I didn’t know her name or even if the voice yelling outside my open window was directed at me. My attention was on the screen in front of me two Thursdays ago.
“Hello! Hello!” she frantically yelled out, trying to get my attention. “Are you open today and do you have any food left?” she asked as I walked over to my window and looked out. With a look of desperation, she explained that she was a senior and her family had missed the food distribution. They were hungry and had nothing to eat.
COVID-19 hit North St. Louis County especially hard and it has not let up since it began. From the outset, thousands of low-income families who already had a difficult time making ends meet quickly found themselves without jobs or income. There was no food. No money to pay utilities and rent, and government assistance was still several weeks away. Adding insult to injury, COVID-19 cases were rising disproportionately in the North County area.
Beyond Housing and our nonprofit partners had been, and still are, working to provide emergency relief including rent and utility assistance and drive-thru food and supply distributions. We were preparing for an upcoming Saturday food distribution when I heard Rosa’s voice outside my opened office window.
I tried to calm and reassure her. I asked her where she lived and if she had a car. She said she lived just around the corner but did not have a car. My first instinct was to get a box of food and drive her back home, but with all the COVID-19 worries I instead asked for her name and address. I told her I would deliver some food in a few minutes and that from here on we would deliver food to her home.
I went to the gymnasium of the former Garfield Elementary School in Pine Lawn—which had been renovated to become Beyond Housing’s headquarters—and grabbed one of the hundreds of boxes filled with meals that were being stored for more upcoming food distributions. I drove to her home and placed the box on her porch. As I drove the short two blocks back to the office, I saw her walking toward her home with a pronounced limp. I rolled down my window and told her the box was on her porch.
She was grateful and relieved. I told her that we are here for her and everyone else in the community and told her to take care.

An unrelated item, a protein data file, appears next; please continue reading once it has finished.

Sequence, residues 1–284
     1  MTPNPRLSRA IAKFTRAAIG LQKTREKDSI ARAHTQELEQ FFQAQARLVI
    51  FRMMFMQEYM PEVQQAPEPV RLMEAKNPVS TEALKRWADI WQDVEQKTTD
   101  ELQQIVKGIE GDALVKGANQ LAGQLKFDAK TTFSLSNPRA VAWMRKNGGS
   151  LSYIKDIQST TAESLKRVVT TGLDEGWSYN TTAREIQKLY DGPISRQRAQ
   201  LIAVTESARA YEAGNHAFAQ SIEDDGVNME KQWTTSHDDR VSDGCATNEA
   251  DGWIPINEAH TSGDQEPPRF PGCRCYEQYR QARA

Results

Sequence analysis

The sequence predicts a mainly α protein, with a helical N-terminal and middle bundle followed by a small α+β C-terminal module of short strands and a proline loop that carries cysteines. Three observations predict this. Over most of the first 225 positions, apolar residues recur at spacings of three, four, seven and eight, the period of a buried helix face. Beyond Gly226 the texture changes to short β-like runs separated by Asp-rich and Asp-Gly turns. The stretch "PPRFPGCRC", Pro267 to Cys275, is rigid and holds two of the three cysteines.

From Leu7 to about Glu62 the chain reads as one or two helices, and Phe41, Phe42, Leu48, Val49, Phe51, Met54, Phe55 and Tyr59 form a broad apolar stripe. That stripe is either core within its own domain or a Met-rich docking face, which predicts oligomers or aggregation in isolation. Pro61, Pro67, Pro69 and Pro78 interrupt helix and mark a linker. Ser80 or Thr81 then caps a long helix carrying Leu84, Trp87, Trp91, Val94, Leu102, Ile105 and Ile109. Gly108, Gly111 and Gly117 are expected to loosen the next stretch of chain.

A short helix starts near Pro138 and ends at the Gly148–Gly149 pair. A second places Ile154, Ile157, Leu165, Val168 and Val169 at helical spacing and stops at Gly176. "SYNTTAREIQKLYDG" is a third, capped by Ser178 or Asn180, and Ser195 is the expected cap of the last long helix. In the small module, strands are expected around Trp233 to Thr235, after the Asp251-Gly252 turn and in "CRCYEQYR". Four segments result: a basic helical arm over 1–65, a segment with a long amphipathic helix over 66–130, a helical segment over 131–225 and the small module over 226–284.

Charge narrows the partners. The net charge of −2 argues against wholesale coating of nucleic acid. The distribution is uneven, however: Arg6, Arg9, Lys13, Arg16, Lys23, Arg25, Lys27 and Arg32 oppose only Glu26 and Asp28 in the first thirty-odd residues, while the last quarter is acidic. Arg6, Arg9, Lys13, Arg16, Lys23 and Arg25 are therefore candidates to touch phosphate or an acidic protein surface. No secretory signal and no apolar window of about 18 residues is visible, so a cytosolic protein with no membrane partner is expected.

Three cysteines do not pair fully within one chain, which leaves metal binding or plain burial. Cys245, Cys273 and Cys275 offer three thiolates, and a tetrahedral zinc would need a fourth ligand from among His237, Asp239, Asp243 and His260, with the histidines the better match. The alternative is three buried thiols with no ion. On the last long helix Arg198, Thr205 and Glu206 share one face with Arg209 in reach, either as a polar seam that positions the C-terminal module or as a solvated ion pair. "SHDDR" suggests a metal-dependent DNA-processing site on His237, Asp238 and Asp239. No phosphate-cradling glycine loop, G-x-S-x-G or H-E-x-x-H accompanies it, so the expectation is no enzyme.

The image of Rosa sticks in my mind. This desperate senior with nowhere else to turn to was in such great need that she forced herself to yell for help to a stranger through an open window.
In that moment, I had a choice: to respond and help her, or to brush her off. I chose to help. It did not require any great sacrifice on my part. I chose to take literally ten minutes out of my life to lend a hand to someone in need.
Rosa got my attention that day. She should get everyone else’s attention too. There are way too many people in our region in Rosa’s shoes. They are hardworking fellow St. Louisans who are doing everything they can to make ends meet under more difficult circumstances than most of us will ever have to endure. There are too many communities in our region where people like Rosa live well below the poverty line.
We know what the data says about our regional inequity. It is not a newsflash. We know the divides and the problems that stem from those divisions and how it is hurting all of us. Our regional state of decline is in large part due to our inability to muster the collective courage to address the hard stuff of poverty and what it brings to families and communities.
We’ve heard this. We know this. The wakeup call has been ringing for decades and it is plain as day. What we don’t know is when are we going to respond? When are we going to come together and harness the courage and resources to turn our most challenging communities around in order to make St. Louis the best it can be?
In life we have choices about who we want to be as individuals and what type of community we want to live in. We can make the choice to look inward and take care of ourselves and not worry about what is beyond our life circumstances. Or we can balance caring for ourselves and our loved ones and looking outward at the community we live in.
The reality is that if we don’t pay attention to the world around us, it will invariably change into something that will impact our own existence. And it should be obvious in just how much it has.
I don’t know what the ultimate wakeup call will be that finally galvanizes us to address the longstanding issues that not only hold people like Rosa back but our entire region as well.
All I know is, we’d all be better off if we answered it.